December 2002 - VOLUME 23 - NUMBER 12
N A M E S I N T H E N E W S
The Tenet MarkupTenet Healthcare, the national for-profit hospital chain, places a sticker price on drug charges of 736 percent above its costs across the United States, according to a November study by the California Nurses Association and the Institute for Health and Socio-Economic Policy.
The study examined federal cost reports for approximately 42,000 filings for more than 5,000 U.S. hospitals from fiscal years 1993-1994 through 1999-2000, the most recent data available.
The charges are for billings to all payers, including Medicare and private health maintenance organizations (HMOs), and include both in-patient and outpatient filings.
Tenetís markup on drug charges is more than double the national average.
In California, where Tenet has been accused of pressuring heart patients to undergo unneeded heart surgeries at a hospital in Redding, five Tenet hospitals, including Redding Medical Center, have markup charges of more than 1,400 percent.
The nurses charge that the huge drug markups by Tenet and other hospital systems are a major component of rising healthcare costs.
Over the past seven years, average drug markups over cost for all Tenet hospitals nationally have jumped from 488 percent in fiscal year 1993-1994 to 736 percent in 1999-2000.
Nationally for all U.S. hospitals, the markup has risen from 302 percent to 334 percent.
Ford and the Dirty WarFord Argentina has been criminally charged in connection with the alleged illegal detention of workers and labor leaders during the 1970s.
A prosecutor in Argentina has ordered an investigation of charges brought by labor leader Pedro Troiani that he was bound with wire, kicked and held for eight hours on Ford factory grounds.
Troiani told the New York Times that he and four other Ford employees were then transferred to a secret prison and eventually to a special detention camp as part of the "dirty war" against anyone considered a leftist opponent by the military dictatorship that ruled the country from 1976 to 1983.
A spokesperson for Ford Argentina, Rolo Ceretti, told the Times that he could neither confirm nor deny Troianiís account "because these events happened 26 years ago and most of the people who worked at the company no longer do."
But, he said, "to talk of a detention center within our plant is not correct."
"This was a very sad and bitter time," he added, "and no one can defend what happened. But to attempt to place responsibility on the company for things that happened at the level of the government seems to me to be a bit absurd."
According to the Timesí report, the case is an outgrowth of similar charges made against Mercedes-Benz, today a subsidiary of DaimlerChrysler.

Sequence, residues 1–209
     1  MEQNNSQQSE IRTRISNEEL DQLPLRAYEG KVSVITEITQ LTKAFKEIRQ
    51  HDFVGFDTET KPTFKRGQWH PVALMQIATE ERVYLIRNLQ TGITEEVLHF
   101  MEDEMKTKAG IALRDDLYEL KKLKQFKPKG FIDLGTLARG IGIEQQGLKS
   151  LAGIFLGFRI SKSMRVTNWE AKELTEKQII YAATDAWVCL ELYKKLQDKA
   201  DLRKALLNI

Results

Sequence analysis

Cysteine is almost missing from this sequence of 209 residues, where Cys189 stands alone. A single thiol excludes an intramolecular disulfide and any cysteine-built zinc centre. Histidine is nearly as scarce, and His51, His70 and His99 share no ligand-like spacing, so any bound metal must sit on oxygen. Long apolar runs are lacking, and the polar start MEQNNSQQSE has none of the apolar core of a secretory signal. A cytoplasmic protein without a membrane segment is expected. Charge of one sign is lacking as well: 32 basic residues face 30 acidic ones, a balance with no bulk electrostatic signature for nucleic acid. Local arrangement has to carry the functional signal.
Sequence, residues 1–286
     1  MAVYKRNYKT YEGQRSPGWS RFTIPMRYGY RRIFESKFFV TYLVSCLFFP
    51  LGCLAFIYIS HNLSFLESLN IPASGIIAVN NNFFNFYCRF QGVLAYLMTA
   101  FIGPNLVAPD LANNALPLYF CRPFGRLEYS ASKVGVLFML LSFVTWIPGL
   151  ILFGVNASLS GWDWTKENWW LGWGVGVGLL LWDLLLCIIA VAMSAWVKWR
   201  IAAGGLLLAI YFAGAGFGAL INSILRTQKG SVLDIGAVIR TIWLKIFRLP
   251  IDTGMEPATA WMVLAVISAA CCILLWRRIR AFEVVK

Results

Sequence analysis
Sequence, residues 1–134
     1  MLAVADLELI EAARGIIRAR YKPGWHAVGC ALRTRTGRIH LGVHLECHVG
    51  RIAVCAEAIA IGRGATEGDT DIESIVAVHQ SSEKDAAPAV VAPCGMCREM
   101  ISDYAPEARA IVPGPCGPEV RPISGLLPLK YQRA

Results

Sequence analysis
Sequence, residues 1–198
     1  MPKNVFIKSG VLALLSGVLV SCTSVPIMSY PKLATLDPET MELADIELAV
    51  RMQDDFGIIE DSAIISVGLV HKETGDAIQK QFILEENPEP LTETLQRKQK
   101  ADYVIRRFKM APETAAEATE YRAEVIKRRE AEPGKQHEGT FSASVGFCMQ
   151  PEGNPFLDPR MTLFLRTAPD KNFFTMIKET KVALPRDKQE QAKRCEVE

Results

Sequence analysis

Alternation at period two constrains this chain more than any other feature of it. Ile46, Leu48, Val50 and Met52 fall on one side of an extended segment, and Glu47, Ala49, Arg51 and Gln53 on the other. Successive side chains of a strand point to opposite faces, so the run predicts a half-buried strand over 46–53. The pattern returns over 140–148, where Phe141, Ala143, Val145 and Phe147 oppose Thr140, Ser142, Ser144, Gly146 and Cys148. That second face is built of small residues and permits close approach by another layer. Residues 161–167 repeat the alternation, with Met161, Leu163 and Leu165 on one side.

Servitude in SunshineThree Florida citrus contractors received lengthy prison sentences in November for conspiring to hold workers in involuntary servitude, harboring undocumented workers, interfering with interstate commerce by extortion, and using firearms during the course of a violent felony.
United States District Judge K. Michael Moore sentenced brothers Ramiro Ramos, age 42, and Juan Ramos, age 34, to 12 years and 3 months imprisonment each. Their cousin Jose Ramos, age 45, was sentenced to 10 years and 3 months imprisonment and also received a $10,000 fine.
In addition, Judge Moore ordered defendants Ramiro and Juan Ramos to forfeit real estate, personal property and more than $3 million in proceeds, because the jury in the case determined that the property was used in furtherance of the conspiracy or was obtained as a result of the criminal enterprise.
On June 28, 2002, following a trial that spanned four weeks, a jury found defendants Ramiro Ramos and Juan Ramos guilty of conspiring to hold workers in involuntary servitude and harboring undocumented workers. The jury also found Ramiro, Juan and Jose Ramos guilty of interfering with interstate commerce by extortion, and use of a firearm during the course of a violent felony.
The evidence at trial established that Ramiro and Juan Ramos worked as farm labor contractors under the company name, R&A Harvesting, Inc., and that they engaged in a conspiracy to hold migrant farm laborers in involuntary servitude and supply those laborers to citrus industry growers.
Witnesses at trial testified that Ramiro and Juan Ramos employed up to 700 workers, the vast majority of whom were undocumented, from January 2000 to June 2001.
The Ramosís recruited workers by paying their transportation debts from Arizona to Florida. The Ramosís threatened their workers with violence and told them they could not leave until they paid off a $1,000 debt to the Ramosís.
The investigation lasted two years and began after members of the Coalition for Immokalee Workers, an advocacy organization that represents migrant farm workers in Florida, contacted the Federal Bureau of Investigation and alerted the Bureau to abuses by the defendants.
ó Russell Mokhiber